Some Light Camera Action at Cinema Brazil

    A fresh breeze is blowing through the Brazilian cinema sector. Although films have been made in the country for a hundred years, domestic production has been so small and so difficult that the sector’s survival was often in doubt.

    But recently, films such as Fernando Meirelles’ “Cidade de Deus,” of 2003, which was nominated for a total of five Oscars, brought international recognition to the fledgling Brazilian film industry and a reversal of fortune is underway.


    “Cidade de Deus” was nominated for the Best Foreign Film award in 2003, and four more Oscars in 2004, among them the very prestigious awards for Best Film and Best Director. Although the film did not win any Oscars, it certainly caught everyone’s attention.


    Cinema began in Brazil around 1896 when European immigrants arrived with film projectors in their luggage. Some European films were shown at entertainment centers in Rio de Janeiro at that time.


    But it was only in 1907, with the arrival of electricity in the city, that local production could really begin. It began immediately with Os Estranguladore (The Stranglers), a 40-minute independent production of 1907 by Antônio Leal, based on a true story of a crime committed in Rio.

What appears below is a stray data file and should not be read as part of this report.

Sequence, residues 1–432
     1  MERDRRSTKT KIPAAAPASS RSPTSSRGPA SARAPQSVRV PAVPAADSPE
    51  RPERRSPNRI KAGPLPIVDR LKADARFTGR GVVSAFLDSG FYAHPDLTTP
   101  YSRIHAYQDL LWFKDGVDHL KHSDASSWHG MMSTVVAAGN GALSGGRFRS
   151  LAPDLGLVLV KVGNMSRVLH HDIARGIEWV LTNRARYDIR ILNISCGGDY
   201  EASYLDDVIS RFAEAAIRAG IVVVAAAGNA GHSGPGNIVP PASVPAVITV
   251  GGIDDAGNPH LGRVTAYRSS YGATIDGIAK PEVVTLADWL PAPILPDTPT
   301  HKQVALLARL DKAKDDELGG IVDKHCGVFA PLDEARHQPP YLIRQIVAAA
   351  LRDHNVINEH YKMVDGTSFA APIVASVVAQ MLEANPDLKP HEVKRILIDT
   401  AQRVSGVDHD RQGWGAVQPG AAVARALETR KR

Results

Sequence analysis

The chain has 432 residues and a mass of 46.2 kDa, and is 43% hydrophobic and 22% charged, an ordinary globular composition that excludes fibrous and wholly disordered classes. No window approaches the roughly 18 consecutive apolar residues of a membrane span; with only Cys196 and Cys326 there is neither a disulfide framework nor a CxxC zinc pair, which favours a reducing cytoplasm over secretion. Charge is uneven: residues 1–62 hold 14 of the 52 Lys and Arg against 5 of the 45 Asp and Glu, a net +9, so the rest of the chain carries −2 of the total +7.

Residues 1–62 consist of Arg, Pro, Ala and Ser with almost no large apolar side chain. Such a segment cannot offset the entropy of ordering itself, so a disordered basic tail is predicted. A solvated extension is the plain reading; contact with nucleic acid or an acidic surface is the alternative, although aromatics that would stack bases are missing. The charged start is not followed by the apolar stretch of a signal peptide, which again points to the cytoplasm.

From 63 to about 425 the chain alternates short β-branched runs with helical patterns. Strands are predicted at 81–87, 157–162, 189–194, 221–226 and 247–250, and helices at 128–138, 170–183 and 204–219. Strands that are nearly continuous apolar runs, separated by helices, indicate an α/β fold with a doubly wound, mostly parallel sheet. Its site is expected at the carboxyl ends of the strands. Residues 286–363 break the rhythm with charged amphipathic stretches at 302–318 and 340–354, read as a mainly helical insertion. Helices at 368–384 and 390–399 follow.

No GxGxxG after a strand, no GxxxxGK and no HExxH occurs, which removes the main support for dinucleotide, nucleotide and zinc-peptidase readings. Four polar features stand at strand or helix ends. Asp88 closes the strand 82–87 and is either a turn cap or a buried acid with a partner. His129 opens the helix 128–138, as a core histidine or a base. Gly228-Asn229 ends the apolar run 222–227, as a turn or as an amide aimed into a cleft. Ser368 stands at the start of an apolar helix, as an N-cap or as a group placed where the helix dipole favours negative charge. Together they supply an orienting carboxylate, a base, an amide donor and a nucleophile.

The first production company was formed in 1931, called Cinédia. Its most famous production was “Alô. Alô Carnaval,” a popular success of 1936.


    For two decades hundreds of films, most of them light farce and slapstick known as chanchadas were churned out at Cinédia


    In 1949, Brazil got a modern production company, Vera Cruz, that was to be the country’s version of Hollywood. Vera Cruz turned out 17 films before going bankrupt in 1954.


    There had always been independent film productions in Brazil, but with the demise of Vera Cruz, they took on new life in the late 1950s with the appearance of a movement known as the Cinema Novo (New Cinema).


    What happened was that a new reading of Brazilian reality came to the forefront. Films began to spotlight the struggle for survival in the arid backlands of Brazil.


    “Vidas Secas,” by Nelson Pereira dos Santos, and “Deus e o Diabo na Terra do Sol,” by Glauber Rocha, both in 1963, were a form of protest against the lack of commitment by authorities in dealing with the problems of drought in Brazil’s poorest and most backward regions and its human consequences.


    In the 1970s, the Cinema Novo was overtaken by market forces and a wave of lightly erotic films, dealing with sexuality in Brazilian form and content, dominated the scene.


    The films, known as “pornochancada,” which could be translated as “slapstick pornography,” were little more than fun and entertainment.


    In 1980, a serious film discussed a serious subject: torture in Brazil. The film was “Pra Frente Brasil,” (directed by Roberto Farias) which was released as the military government began to loosen its grip on the country.


    After the Fall


    The military government also loosened restrictions on imports of foreign films in the 1980s and that turned out to be a particularly harsh blow to the industry.


    The numbers tell the story: in the first half of 1980, a total of 154 foreign films were shown in Brazil, while only 42 films were being made domestically.